The end of a trade fair comes with some conflicting emotions. When the last minute of the last day of the fair has passed, there is a sudden sense of elation: the hard work is over – four days of being on your feet, of being charming yet professional, and allowing yourself to channel without reticence your excitement about your own product. Yvette and I truly love our own product, but usually a sense of unbridled enthusiasm only lasts a short while; it is exhausting otherwise. And while the fair is going, you don’t really come down from your adrenaline high either, even at the end of a day when you go home and eat and try to relax and get some sleep. After all, tomorrow brings another day. I realize this might be different for everyone. Certainly the pressures are different for established firms than they are for small start-ups, but in the end everyone is there because they feel their company and their product will benefit from a larger audience.
But once the fair is over, there come at once a sense of relief and a sense of urgency. The urgency initially translates into a frenzied folding of the stand. The entire hall is filled with a cacophony of sounds as every crew chooses a different tune to work to while they release all their pent-up energy into deconstructing what has been their office away from the office for four days. And that’s just the stands that do their own deconstruction. The really big companies hire professional crews for this. They emit a different energy, something much more mellow and no-big-deal. They haven’t been standing there for four days promoting their wares. They come fresh to this gig: they are there to unscrew, fold, pack, wrap, load and carry, and they do it with unmatched efficiency. I watched with envious eyes.
Our plan for the aftermath of the Messe was this: we would take down our stand and pack up our things together, then Yvette would relax and wait for me while I went to collect the car which we had parked a few towns over where friends of ours live. I would bring back the car, we would load up and we would drive back to our friends’ place and stay the night before embarking on the drive home the next day.
And so, off I went: outside, on the train, then onto another train. It was a nice journey, actually, which gave me an opportunity to let my mind settle a bit away from the hustle and bustle of the trade fair being taken down. My friend met me at the train station at the other end and gave me a ride to the car. It had begun freezing pretty well by then: – 4 C and falling…
The car was an ice box, thank god for seat heating. And thank god for my TomTom, because as I approached the Messe, naturally everyone and their mother was arriving with trucks and vans to load up their things. And, in their infinite wisdom, the organizers had determined that all this traffic should be directed through one – count them: 1 – gate into the Messe. And it wasn’t the gate I arrived at. I was kindly but firmly pointed in the general direction of the general direction where general directions were given towards the correct gate. Lovely. After finally figuring out where to enter the terrain, it will come as no surprise that I found myself in an impressive traffic jam that literally stretched for miles as drivers were waiting to get in. All of them, through that one gate. For comic effect: pretty much every other vehicle in that line was at least the size of a large van, but most of them were sizable trucks. And there I stood, in my modest VW Polo… (And I’m not usually one to worry about size, you understand.)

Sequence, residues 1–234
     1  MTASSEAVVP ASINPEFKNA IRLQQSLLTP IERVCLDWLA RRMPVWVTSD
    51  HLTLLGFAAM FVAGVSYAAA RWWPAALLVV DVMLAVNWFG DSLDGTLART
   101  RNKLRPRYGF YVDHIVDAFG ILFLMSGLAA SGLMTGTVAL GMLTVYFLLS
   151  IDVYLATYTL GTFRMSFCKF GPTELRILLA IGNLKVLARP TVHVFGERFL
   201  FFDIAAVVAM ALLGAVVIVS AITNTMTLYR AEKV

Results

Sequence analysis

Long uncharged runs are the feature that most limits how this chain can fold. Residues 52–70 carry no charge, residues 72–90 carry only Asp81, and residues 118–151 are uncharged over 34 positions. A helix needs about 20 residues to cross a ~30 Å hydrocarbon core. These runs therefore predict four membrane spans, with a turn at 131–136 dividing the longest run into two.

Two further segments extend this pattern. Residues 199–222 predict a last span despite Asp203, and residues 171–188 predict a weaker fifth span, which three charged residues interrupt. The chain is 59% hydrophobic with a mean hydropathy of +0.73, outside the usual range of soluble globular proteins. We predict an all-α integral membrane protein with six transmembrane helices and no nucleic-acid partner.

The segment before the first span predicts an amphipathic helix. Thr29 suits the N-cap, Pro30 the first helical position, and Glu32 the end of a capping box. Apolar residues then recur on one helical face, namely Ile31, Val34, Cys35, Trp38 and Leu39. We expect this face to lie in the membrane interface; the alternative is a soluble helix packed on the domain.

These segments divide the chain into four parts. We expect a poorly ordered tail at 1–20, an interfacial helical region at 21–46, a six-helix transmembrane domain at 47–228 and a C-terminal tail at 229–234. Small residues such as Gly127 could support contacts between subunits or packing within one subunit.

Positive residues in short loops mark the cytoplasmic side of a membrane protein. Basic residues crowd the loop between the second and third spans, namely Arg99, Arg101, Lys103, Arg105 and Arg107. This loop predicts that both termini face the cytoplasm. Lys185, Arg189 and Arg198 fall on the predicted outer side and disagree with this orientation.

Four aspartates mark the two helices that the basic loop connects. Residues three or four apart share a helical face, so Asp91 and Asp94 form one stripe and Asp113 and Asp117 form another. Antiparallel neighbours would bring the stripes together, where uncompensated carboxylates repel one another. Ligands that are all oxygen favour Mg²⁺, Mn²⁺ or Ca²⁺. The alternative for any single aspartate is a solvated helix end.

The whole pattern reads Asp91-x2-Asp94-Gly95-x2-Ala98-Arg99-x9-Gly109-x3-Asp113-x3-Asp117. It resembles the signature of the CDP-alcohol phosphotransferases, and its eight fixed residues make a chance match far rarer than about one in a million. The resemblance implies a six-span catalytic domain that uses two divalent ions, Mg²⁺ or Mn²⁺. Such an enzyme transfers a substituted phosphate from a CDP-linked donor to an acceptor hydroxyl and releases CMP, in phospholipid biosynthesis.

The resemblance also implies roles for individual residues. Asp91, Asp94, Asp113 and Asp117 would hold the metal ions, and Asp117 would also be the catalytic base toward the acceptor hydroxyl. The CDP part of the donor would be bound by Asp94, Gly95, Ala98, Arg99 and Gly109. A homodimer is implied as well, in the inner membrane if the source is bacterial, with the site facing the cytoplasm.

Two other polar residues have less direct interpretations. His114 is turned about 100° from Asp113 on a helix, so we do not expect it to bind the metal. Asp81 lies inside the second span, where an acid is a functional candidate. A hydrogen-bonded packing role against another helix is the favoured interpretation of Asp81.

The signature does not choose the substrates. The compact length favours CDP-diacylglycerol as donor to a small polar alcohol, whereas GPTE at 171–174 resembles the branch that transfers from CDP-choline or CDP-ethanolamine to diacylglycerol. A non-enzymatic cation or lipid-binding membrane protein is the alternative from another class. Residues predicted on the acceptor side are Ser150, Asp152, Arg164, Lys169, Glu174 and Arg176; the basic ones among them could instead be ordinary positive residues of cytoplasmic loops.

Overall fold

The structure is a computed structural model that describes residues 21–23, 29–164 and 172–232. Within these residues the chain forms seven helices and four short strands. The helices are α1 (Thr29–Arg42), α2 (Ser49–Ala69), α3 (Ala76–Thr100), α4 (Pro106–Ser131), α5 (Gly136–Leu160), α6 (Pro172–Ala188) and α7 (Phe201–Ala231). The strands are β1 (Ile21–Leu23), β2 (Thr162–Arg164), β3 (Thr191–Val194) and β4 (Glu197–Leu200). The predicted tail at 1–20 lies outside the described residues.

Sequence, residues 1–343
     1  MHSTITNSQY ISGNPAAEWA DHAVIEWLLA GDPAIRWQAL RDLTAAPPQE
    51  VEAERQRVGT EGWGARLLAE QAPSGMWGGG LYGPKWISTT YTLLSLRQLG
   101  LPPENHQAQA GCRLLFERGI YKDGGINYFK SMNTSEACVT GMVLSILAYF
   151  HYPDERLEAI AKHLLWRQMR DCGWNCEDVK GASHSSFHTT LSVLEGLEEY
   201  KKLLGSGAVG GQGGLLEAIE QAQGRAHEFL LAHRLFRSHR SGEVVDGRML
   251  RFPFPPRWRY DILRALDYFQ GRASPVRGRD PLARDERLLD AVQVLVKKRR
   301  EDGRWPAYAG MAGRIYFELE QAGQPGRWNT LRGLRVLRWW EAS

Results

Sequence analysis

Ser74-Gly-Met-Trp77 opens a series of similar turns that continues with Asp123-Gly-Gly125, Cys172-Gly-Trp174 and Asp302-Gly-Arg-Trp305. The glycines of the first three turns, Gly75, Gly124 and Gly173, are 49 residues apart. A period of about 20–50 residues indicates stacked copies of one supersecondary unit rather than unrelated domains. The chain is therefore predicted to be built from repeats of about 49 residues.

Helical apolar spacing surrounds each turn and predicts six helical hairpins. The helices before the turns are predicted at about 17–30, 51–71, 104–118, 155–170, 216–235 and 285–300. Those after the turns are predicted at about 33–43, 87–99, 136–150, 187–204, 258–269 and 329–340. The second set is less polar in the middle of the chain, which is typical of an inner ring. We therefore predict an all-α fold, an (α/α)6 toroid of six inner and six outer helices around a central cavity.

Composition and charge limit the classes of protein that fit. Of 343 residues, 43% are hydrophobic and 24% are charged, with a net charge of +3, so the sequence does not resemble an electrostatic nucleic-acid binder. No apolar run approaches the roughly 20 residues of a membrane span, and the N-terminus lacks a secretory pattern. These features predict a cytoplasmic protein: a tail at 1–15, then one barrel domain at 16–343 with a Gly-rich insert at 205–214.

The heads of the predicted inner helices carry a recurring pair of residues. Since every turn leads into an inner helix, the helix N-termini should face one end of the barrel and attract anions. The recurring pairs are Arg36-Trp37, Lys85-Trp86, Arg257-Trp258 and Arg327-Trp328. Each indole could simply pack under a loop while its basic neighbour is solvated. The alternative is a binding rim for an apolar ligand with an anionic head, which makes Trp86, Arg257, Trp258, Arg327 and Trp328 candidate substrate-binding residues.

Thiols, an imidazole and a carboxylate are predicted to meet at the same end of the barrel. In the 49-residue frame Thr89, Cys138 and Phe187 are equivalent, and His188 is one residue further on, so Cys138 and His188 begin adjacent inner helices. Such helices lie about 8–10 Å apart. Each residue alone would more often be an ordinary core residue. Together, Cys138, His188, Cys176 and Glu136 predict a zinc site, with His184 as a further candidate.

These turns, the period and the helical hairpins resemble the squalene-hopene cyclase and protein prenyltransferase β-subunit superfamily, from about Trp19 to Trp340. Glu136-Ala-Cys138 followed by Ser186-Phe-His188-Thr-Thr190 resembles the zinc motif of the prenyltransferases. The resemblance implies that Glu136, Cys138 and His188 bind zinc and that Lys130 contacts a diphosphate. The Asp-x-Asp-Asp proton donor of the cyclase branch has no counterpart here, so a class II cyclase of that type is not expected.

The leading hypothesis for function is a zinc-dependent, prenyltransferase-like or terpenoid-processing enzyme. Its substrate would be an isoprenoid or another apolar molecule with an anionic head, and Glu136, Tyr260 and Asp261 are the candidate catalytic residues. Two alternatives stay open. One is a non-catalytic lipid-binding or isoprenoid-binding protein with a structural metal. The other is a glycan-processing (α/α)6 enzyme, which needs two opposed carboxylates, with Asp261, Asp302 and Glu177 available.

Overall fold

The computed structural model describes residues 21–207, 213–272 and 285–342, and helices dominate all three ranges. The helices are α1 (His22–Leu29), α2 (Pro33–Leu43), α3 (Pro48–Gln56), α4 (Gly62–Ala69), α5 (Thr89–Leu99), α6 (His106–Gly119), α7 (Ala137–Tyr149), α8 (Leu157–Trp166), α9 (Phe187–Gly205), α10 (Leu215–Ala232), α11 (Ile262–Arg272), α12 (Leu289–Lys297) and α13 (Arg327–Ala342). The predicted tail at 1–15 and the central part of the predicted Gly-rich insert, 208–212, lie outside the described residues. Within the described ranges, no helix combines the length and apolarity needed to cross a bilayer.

In the end, all vehicles great and small made it to their respective destinations, and with the very kind help of the Hallenmeister, who allowed us use of an elevator that was technically not in use, we finally managed to pack everything in and drive towards good company, an excellent meal, a warm shower and a comfortable bed. Over dinner and breakfast the next morning, there was even some time to catch up with my friend.
And now, for the drive home. The weather was lovely: cold but sunny. And off we went: from Frankfurt back home. The trip took us longer than expected. It was a bad day for trucks all told: first we saw a truck let out a puff of red smoke while it was driving on the highway. It was immediately accompanied towards a stop by another truck. Truck drivers look after each other that way; it’s pretty heartwarming to see. Later, we got caught in a traffic jam, and watched emergency services try to inch their way through towards what we later found out was an accident involving three trucks. One of them had spilt a hazardous substance (probably some type of fuel). The truck in question looked like it had been wrenched open with a super-sized can opener. It was an unsettling sight.
That was the extent of the excitement, luckily. We arrived safely and decently on time, first at Yvette’s where fond greetings were exchanged with the home front, and finally, just before my daughter’s bedtime, I arrived home, tired and very happy to be back.
Since then, Yvette and I have been sorting through business cards, adapting business plans to include the exciting new options that have resulted from the fair, and moving towards the next step for Cardle. It’s an exciting ride, and we’re only just getting started.